Sunday April 21 2019




Gardening with Hannah Genders

Flowers afloat

Posted on November 18 2008 at 11:45:43 0 comments

Lady's slipper

Hannah Genders scrubs up for a voyage of discovery.

I have always loved the sea and thankfully have never been ill on a boat, even on the ferries to northern Spain we have been using of late to get to a cycling destination.
So when I was asked to do a series of lectures on a gardening-themed cruise, it was with the knowledge of good sea legs (and the opportunity to give my mum a holiday) that I said yes.

I was asked to join a P&O ship called Artemis, which was making a 30-day journey from Southampton to the USA and back. It was due to sail on September 30, arrive in Madeira a few days later and travel at sea for seven days across the Atlantic. I would be flying home when it reached Florida, with other lecturers taking over on the homeward voyage.

With only my ferry crossings as experience, and armed with what I thought was an amazing amount of clothes in my luggage (on our normal cycling holidays I manage to live out of two small panniers for a couple of weeks), we boarded the ship in Southampton and looked forward to the adventure.

Artemis is one of P&O’s smallest and oldest ships, although it seemed enormous to me with nine decks and 1,200 passengers. It is also one of the dressiest ships, with more nights of formal dining than most of the others – I was very unsure how I would cope with that as I am used to being a scruffy gardener, but my mum was looking forward to seeing me a bit more done up.

My commitment on the ship was to give a series of lectures on my work, the titles of which I had submitted beforehand. I had decided to talk about the aspects of gardening that I am most passionate about: growing my own vegetables, sustainable design and therapeutic gardening. I was a small part of the continuous entertainment on board the ship every day.

On the first leg of our journey we had bad weather for the few days it took us to reach Madeira, and it took a while to get used to the layout of the boat and dressing for dinner every night. We reached the port of Funchal very early in the morning and it was magical to see the dawn come up over this beautiful, mountainous island.

Madeira is in the Atlantic off the coast of East Africa and although the weather is warm, it has a larger amount of rainfall than the Canary Islands to the south. This makes it a very green island and ideal for growing lots of tropical and subtropical plants – it is especially rich in floral diversity and so was an ideal place to stop on a gardening cruise.

There seemed so much to do; one of the hardest tasks we had was to narrow down our options for our one day on land. We decided on a visit to the famous fruit and flower market, followed by a trip to the orchid house and Madeira’s botanical gardens.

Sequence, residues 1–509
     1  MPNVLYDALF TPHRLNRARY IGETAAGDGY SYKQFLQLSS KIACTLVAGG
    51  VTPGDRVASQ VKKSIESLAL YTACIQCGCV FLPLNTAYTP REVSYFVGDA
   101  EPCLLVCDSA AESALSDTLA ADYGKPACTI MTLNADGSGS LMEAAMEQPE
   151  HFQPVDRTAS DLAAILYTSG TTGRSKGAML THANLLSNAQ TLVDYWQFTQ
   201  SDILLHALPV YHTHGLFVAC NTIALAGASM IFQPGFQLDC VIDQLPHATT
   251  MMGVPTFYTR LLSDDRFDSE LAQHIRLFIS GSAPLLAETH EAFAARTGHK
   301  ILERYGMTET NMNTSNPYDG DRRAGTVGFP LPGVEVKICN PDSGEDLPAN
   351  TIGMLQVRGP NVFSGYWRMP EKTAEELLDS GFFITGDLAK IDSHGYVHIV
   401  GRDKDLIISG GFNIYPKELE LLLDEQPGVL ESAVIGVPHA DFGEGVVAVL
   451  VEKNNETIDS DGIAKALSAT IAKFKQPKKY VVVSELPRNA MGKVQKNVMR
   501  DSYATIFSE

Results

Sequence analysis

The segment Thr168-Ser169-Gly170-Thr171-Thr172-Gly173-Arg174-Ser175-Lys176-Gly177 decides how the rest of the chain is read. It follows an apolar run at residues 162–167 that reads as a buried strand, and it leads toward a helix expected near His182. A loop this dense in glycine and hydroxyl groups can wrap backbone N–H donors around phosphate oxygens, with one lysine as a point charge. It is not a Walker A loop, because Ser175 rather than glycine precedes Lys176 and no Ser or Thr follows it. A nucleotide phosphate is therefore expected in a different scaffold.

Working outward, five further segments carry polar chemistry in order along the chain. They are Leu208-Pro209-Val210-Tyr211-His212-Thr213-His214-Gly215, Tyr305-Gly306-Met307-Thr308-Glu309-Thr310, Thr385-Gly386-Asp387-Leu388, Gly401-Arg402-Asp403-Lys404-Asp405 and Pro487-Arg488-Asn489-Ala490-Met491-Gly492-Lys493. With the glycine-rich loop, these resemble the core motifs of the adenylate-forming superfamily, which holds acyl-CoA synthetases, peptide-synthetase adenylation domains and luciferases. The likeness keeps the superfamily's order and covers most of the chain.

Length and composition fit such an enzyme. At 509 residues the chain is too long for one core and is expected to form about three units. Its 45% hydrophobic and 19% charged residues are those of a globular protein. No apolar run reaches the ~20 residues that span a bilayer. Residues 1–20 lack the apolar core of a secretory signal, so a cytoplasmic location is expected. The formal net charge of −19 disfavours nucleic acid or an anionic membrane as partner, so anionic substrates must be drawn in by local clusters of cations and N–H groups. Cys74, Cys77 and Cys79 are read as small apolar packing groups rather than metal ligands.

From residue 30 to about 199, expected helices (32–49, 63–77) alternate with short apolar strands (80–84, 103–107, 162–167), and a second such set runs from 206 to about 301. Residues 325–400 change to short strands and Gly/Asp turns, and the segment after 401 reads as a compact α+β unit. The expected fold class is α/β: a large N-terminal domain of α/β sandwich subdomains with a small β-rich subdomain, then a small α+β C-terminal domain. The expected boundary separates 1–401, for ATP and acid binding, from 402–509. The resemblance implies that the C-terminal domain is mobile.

The market was a treat, as much for the fresh local fish being sold as for the flowers, and we tried some amazing and unusual fruit. A short taxi journey up the hill (actually everything is uphill on Madeira) was the Jardim Orquidea or orchid garden, owned and run by the Pregetter family who originate from Austria.

The family has an amazing history of growing orchids that dates back to 1905. The colder climate in Austria ultimately made them decide to move the whole operation to Madeira in 1991.

The feel of the gardens are very natural as they try to display these beautiful flowers in a very natural setting. I would recommend a visit to anyone visiting Madeira, especially the little Austrian coffee shop run by the family’s daughter, which overlooks the bay of Funchal and from where we could see our ship moored with two other cruise liners.

From the orchid house we walked a short distance to the botanical gardens of Madeira to see the diversity of flora that can grow here. The gardens contain more than 2,500 plants, some in glass houses but mostly out in the open enjoying their wonderful climate.

We would recognise some of the exotic flowers from our conservatory and indoor plants, but I can honestly say there were many plants I had never seen before and the smell of the ginger plant flowers was gorgeous.

With all that inspiration it was time to head back to the ship and continue on our seven-day crossing of the Atlantic.

I have to say that I thoroughly enjoyed the experience of cruising, although I did find all the dressing up a bit tiresome and I missed seeing trees and flowers while at sea. My talks seemed to be well received and I think my mum has already packed for the next trip!

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